How to Live with Dogs if You Have a Dog Allergy

A dog lying in a field of yellow flowers.
A dog lying in a field of yellow flowers. Photography by holly hildreth photography.

Riggins, my 11-year-old mixed breed, and I share a lot of things from our love of watermelon to the pillow we both use to rest our heads on in the morning. The one bad thing we both share is environmental allergies. It might shock you to learn that, as a dog sitter, I have a dog allergy. Luckily, it’s one I’m able to manage. Here’s what I do to keep my dog allergy in control:

Dog with flowers by Shutterstock.
Dog with flowers by Shutterstock.

Nix the carpet

Vacuuming can make things worse by kicking up allergens. Keep dogs contained to rooms without carpet. Choose throw rugs that can be washed with hot water, and when you do clean, wear a dust mask.

Keep your dog out of the bedroom

To help ease your guilt, get your pup a nice, comfy bed, pillow and blanket.

Get HEPA air filters

Do they work? There seem to be arguments on both sides. I can tell you I have one and it runs almost 24/7 in my house. It sure makes me feel better. 

Get removable covers for your furniture

… For anything that dog fur can stick to, like your sofa, dog bed or pillows. Wash those covers frequently. My sofa is covered with a thin bed comforter, and it has saved my sanity. It’s so easy to just pop that cover into the washing machine.

Have a family member who isn’t allergic to dogs bathe your dog weekly

While you’re at it, brush your dog daily. Actually, delegate these two tasks to the member of your family who doesn’t have a dog allergy.

Isolate your dog allergy

You can be allergic to any or all places where allergens can be found on your dog, including his fur dander, urine, feces and saliva. For example, if you get red and itchy when your pup licks your face, then his saliva is probably to blame. Best to rub his belly and skip out on the kisses. Don’t forget to wash your hands post belly rub!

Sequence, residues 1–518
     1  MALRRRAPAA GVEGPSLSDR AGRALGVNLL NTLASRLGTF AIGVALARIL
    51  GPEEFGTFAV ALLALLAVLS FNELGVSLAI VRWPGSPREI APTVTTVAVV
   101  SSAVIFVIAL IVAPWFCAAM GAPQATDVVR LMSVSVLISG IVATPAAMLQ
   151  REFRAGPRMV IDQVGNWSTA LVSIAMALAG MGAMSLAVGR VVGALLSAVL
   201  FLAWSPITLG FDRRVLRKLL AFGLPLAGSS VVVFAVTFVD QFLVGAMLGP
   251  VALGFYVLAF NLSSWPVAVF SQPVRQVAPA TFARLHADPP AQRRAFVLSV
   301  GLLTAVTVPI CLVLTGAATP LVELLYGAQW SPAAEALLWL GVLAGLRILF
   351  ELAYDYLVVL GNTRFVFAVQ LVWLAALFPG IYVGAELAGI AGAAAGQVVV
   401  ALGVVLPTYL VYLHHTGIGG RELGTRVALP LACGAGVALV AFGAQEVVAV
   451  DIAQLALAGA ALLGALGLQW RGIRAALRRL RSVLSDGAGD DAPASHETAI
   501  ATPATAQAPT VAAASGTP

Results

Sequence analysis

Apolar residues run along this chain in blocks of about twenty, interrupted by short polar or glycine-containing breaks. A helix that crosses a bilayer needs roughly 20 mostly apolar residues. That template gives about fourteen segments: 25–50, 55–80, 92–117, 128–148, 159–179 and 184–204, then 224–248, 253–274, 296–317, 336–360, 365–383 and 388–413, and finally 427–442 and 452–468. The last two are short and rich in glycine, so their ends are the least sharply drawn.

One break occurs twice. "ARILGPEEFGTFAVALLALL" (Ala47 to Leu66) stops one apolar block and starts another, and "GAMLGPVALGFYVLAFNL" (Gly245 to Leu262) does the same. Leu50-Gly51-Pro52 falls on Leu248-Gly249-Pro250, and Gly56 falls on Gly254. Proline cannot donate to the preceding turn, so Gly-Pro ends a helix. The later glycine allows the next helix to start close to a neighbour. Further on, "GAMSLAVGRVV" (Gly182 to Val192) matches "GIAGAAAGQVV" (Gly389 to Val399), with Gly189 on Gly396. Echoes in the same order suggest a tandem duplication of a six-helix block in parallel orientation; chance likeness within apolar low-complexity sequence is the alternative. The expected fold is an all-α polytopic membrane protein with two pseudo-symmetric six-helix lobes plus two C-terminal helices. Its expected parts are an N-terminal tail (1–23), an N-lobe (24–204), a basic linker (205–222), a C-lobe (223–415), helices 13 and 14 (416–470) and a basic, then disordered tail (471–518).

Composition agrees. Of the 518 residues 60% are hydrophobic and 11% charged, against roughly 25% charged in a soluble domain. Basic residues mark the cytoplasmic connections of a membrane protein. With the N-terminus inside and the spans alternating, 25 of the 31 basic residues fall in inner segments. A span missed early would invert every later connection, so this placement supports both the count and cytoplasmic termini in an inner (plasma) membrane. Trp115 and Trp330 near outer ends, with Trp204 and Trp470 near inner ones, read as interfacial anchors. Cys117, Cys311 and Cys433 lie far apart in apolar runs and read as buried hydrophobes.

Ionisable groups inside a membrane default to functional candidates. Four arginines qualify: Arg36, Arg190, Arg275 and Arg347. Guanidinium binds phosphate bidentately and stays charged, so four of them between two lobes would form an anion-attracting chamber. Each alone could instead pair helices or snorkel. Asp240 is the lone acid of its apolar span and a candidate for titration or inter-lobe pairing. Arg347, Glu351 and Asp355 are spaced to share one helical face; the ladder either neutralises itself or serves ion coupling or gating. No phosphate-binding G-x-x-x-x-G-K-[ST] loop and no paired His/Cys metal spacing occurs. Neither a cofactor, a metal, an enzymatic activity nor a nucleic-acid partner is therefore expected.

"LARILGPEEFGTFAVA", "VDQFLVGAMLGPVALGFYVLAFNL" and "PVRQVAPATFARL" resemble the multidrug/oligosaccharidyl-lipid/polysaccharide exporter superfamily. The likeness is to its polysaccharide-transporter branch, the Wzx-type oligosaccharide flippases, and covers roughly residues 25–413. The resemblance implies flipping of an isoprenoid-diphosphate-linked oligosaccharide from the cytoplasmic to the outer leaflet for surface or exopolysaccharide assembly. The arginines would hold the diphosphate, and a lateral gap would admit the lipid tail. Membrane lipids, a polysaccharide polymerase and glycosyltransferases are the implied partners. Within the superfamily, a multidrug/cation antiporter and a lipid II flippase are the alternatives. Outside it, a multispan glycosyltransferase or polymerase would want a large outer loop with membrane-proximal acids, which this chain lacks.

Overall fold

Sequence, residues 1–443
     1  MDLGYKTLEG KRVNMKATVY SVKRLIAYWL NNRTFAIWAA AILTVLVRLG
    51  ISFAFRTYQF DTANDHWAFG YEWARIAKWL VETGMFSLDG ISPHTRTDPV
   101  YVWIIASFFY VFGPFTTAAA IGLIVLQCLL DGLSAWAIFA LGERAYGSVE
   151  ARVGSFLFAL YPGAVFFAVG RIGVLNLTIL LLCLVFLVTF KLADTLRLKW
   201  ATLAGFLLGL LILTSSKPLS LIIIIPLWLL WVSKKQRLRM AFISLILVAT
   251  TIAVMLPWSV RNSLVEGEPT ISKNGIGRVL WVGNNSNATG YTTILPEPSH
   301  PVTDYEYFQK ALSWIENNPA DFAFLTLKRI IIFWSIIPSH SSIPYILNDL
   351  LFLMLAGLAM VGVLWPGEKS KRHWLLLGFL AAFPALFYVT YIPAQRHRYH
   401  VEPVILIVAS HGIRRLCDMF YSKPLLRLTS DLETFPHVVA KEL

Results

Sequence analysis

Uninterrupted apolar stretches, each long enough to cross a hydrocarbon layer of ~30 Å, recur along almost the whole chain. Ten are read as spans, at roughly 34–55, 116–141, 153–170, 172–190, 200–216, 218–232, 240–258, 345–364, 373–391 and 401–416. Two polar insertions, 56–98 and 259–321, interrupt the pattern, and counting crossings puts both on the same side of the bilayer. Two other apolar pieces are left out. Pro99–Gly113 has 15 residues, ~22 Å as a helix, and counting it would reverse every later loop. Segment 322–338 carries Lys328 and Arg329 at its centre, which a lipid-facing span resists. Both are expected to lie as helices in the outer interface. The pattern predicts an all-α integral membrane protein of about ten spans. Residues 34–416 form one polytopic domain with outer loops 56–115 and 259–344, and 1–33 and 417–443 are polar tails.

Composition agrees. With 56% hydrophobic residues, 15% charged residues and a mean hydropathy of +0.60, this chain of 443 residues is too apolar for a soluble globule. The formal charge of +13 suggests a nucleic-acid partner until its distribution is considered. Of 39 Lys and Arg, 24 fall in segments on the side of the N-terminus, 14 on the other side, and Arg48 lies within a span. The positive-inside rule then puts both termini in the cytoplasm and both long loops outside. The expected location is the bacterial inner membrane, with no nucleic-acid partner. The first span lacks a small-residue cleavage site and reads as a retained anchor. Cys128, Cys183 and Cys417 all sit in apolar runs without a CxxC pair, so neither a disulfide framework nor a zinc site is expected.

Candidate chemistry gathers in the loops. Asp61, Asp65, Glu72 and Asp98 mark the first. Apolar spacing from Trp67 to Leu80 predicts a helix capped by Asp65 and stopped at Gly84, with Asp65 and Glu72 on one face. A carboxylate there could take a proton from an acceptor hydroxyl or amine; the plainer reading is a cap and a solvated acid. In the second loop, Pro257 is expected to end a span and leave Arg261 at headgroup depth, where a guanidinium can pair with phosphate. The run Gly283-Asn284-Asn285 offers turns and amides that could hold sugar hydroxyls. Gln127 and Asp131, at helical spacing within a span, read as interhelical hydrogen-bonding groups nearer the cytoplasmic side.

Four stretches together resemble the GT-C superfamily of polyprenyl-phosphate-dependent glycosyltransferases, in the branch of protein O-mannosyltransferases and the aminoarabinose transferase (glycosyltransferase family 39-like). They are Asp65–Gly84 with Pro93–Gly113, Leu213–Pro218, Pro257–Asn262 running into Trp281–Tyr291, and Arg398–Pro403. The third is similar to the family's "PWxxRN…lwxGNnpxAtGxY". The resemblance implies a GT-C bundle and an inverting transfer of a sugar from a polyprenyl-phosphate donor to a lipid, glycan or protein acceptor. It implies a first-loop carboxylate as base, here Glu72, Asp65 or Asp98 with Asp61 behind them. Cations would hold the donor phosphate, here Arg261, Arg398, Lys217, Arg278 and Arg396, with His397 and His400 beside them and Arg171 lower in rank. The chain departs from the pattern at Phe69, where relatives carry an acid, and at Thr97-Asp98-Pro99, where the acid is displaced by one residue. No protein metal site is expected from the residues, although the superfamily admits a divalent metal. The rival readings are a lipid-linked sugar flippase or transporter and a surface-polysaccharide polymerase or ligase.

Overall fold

Know that here’s no such thing as a hypoallergenic dog

All pups can carry allergens. Dogs with non-shedding coats shed less dander and therefore tend to be a better fit for anyone with a dog allergy. Go to for a list of dog breeds that tend to work better for allergy sufferers.

Get a proper allergy diagnosis from your doctor  

Your symptoms could be from something else, and your dog is just a scapegoat. Luckily, cleaning tips for dog allergy sufferers work for most household allergies, too.

Thumbnail: Photography by holly hildreth photography

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Wendy Newell is a former VP of Sales turned dog sitter, which keeps her busy being a dog chauffeur, picking up poop and sacrificing her bed. Wendy and her dog, Riggins, take their always-changing pack of pups on adventures throughout the Los Angeles area. Learn more about them on Facebook at The Active Pack and on Instagram at /wnewell.

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